As hospitals in New York City continue flooding with new COVID-19 cases, some regions of the U.S. are experiencing a slowdown in the pandemic. Social distancing, it turns out, actually works. Or at least, it helps researchers localize cases.
In a time when there are so many unknowns, knowing that social isolation drops transmission feels like a win. With no updates on whether Gov. Gavin Newsom’s orders will be lifted anytime soon, stay-at-home mandates are certainly helping Californians weather the COVID-19 storm.
Due to the fast-paced spread of the virus, Stanford researchers are relying on hospital data to track upticks in cases. Some of those researchers, such as PhD candidate Steve Yadlowsky—who specializes in analyzing healthcare data—are taking the lead on creating statistical models.
He says he remains conservatively optimistic when looking at the numbers in Santa Clara County and the Bay Area.
“If the number of hospitalizations stay constant or decrease, it’s a good sign that policies are working,” he tells San Jose Inside.
After Newsom’s announcement that Californians must stay inside except to venture out on essential business, Yadlowsky spearheaded the creation of a statistical model using COVID-19 data up until March 17. He ran models comparing two different scenarios: The real-world ramifications of shelter-in-place vs. no shelter-in-place. That way, researchers could compare what actually happened to what was projected could happen and use that data to understand whether this mandated call to action was in fact, effective.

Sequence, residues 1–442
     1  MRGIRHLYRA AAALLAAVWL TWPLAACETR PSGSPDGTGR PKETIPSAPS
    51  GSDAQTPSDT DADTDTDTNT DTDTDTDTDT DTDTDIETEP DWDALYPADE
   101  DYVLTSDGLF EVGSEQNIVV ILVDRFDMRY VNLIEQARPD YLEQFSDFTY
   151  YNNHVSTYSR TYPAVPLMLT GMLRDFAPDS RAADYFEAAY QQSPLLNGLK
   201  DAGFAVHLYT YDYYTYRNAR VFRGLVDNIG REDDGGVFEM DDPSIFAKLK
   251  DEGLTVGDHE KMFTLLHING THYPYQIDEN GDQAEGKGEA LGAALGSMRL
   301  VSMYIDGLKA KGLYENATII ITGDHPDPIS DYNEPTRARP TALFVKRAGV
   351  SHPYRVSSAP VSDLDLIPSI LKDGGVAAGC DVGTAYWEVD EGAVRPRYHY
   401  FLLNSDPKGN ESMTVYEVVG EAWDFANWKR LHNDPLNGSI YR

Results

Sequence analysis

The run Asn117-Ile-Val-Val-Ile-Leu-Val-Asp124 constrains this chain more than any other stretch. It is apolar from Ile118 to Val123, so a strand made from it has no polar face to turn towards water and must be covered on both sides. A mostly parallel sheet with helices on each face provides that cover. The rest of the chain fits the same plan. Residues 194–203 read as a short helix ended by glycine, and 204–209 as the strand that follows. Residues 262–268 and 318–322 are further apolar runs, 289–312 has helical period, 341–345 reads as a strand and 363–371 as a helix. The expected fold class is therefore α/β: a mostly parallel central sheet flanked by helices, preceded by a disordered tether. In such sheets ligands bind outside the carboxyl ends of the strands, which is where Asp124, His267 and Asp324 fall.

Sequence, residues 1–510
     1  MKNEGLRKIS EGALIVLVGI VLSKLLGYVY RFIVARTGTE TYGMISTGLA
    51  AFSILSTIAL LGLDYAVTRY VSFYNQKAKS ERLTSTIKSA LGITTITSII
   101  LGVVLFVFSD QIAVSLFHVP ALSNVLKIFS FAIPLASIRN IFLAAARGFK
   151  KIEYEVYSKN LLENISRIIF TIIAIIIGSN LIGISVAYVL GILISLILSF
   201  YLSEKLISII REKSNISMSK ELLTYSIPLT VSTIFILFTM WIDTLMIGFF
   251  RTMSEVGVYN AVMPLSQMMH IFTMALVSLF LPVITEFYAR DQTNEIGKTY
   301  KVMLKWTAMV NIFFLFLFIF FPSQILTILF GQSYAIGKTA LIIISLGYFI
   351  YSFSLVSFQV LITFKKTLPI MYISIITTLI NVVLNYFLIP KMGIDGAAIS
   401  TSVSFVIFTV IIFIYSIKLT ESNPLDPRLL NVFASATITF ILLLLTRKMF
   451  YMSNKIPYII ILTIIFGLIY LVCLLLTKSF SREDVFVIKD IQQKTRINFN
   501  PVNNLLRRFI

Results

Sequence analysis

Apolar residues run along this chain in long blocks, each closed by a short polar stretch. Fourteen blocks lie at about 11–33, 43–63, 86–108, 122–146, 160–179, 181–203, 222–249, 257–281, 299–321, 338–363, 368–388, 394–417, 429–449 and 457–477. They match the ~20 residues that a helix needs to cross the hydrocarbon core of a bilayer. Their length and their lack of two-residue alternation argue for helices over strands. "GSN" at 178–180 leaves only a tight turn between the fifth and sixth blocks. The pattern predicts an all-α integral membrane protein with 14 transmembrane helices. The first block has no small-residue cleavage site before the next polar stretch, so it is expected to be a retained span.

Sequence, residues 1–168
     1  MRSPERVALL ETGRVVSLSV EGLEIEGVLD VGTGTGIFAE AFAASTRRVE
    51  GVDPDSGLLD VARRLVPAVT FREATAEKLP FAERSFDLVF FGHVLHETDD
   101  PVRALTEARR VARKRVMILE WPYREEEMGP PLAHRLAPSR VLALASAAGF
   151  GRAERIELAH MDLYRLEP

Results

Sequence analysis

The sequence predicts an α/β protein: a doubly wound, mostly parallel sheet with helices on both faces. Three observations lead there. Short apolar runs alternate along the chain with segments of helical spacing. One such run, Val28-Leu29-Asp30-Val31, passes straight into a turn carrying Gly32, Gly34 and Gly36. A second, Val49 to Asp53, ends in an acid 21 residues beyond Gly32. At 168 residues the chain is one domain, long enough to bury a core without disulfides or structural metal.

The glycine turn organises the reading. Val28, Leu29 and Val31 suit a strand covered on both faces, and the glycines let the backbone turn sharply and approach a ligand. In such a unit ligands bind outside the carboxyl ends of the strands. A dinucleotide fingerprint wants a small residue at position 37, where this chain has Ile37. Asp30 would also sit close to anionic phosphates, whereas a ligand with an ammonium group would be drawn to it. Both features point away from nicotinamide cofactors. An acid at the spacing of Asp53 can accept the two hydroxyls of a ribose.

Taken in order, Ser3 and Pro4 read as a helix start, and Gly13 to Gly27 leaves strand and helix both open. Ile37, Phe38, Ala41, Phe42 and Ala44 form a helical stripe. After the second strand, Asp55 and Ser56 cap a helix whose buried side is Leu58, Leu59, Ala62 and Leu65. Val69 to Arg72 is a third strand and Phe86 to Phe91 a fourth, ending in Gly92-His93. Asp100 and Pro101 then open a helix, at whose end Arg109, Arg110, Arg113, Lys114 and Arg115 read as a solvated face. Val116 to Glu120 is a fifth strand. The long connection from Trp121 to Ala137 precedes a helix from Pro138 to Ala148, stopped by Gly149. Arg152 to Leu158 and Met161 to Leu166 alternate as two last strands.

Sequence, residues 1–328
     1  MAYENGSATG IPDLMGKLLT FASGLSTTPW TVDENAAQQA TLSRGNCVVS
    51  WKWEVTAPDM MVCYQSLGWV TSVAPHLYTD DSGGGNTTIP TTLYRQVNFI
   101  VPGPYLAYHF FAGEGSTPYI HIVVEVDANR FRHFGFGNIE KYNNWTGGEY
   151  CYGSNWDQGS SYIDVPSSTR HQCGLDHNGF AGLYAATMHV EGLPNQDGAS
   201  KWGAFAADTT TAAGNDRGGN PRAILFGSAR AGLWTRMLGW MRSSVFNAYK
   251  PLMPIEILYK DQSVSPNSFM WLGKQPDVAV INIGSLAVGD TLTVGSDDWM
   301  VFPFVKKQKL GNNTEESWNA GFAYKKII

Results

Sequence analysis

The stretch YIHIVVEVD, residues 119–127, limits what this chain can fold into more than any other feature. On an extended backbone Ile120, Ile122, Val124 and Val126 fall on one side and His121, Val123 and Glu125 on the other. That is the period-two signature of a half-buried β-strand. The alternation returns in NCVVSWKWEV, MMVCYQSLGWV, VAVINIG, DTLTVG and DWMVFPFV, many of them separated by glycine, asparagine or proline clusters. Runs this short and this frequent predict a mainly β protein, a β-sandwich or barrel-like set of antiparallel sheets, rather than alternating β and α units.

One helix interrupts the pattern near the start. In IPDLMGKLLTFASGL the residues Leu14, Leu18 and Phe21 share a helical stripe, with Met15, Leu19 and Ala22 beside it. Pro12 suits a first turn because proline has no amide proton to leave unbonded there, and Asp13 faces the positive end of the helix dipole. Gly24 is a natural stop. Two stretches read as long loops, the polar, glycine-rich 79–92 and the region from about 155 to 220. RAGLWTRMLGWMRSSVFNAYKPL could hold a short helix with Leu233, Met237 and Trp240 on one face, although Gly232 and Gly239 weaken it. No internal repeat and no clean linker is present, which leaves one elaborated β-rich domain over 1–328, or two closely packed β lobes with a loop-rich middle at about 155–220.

So, what does the data show so far?
The statistical software isn’t a crystal ball, mind you, but it does offer some insight into the worst-case scenario: What if shelter-in-place had been delayed any longer?
The results are fascinating.
Although it’s too early to answer that question precisely, the data suggest that new hospitalizations will decrease in the coming weeks. On top of that, because Santa Clara County was ahead of the pack in ordering a shut-down, hospitals will be more than able to handle current demand and hopefully provide everyone with the care they need.
The math doesn’t lie.
Now we know that social isolation is the most effective way to decrease transmission. But the data isn’t coming in fast enough. Analytical models that rely on hospital data aren’t always updated in real time. The county’s website was updating with daily information on hospitalizations and deaths up until March 25. Then, it fell silent on the matter.
On Tuesday, the site was back to posting data about hospitalizations in response to public pressure for more transparency. The county also changed its dashboard, but the lag in information left a gap in data analysis for research teams like Yadlowsky.
In the time of COVID-19, however, one problem with tracking data on the pandemic is that much of the transmission of the virus is through people who don’t feel sick.
It can take a week or two for someone infected with COVID-19 to go from infected to needing to go to the hospital. This could lead to an increase in hospital admissions into next week. Meaning people infected around March 17 are only now seeking treatment.
As data continue to roll in, trends will form and we will know more about how shelter-in-place truly changed our lives.
The good news? If the numbers stay where they are, there’s promise that Santa Clara County has set the standard for overcoming the virus together.